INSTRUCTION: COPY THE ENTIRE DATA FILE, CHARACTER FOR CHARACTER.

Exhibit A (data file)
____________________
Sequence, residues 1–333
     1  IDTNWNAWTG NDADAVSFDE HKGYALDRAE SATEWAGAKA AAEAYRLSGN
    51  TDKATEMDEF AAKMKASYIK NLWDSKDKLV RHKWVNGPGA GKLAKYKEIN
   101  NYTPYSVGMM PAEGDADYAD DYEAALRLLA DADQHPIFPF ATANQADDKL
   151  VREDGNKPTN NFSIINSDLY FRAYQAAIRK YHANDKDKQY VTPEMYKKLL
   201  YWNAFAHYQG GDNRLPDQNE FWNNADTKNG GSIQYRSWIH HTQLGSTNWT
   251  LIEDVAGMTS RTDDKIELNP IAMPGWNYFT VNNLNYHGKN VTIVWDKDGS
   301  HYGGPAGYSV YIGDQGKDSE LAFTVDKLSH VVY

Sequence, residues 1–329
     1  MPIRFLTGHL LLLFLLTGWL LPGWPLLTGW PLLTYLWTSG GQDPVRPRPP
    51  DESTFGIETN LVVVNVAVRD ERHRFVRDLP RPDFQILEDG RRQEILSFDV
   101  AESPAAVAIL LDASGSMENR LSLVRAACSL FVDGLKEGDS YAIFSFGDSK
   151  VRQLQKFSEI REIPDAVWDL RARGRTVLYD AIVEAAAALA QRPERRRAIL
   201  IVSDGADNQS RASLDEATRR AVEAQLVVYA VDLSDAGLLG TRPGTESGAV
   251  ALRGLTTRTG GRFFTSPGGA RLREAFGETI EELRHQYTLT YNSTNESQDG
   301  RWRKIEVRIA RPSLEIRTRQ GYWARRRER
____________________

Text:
Sequence, residues 1–333
     1  IDTNWNAWTG NDADAVSFDE HKGYALDRAE SATEWAGAKA AAEAYRLSGN
    51  TDKATEMDEF AAKMKASYIK NLWDSKDKLV RHKWVNGPGA GKLAKYKEIN
   101  NYTPYSVGMM PAEGDADYAD DYEAALRLLA DADQHPIFPF ATANQADDKL
   151  VREDGNKPTN NFSIINSDLY FRAYQAAIRK YHANDKDKQY VTPEMYKKLL
   201  YWNAFAHYQG GDNRLPDQNE FWNNADTKNG GSIQYRSWIH HTQLGSTNWT
   251  LIEDVAGMTS RTDDKIELNP IAMPGWNYFT VNNLNYHGKN VTIVWDKDGS
   301  HYGGPAGYSV YIGDQGKDSE LAFTVDKLSH VVY

Sequence, residues 1–329
     1  MPIRFLTGHL LLLFLLTGWL LPGWPLLTGW PLLTYLWTSG GQDPVRPRPP
    51  DESTFGIETN LVVVNVAVRD ERHRFVRDLP RPDFQILEDG RRQEILSFDV
   101  AESPAAVAIL LDASGSMENR LSLVRAACSL FVDGLKEGDS YAIFSFGDSK
   151  VRQLQKFSEI REIPDAVWDL RARGRTVLYD AIVEAAAALA QRPERRRAIL
   201  IVSDGADNQS RASLDEATRR AVEAQLVVYA VDLSDAGLLG TRPGTESGAV
   251  ALRGLTTRTG GRFFTSPGGA RLREAFGETI EELRHQYTLT YNSTNESQDG
   301  RWRKIEVRIA RPSLEIRTRQ GYWARRRER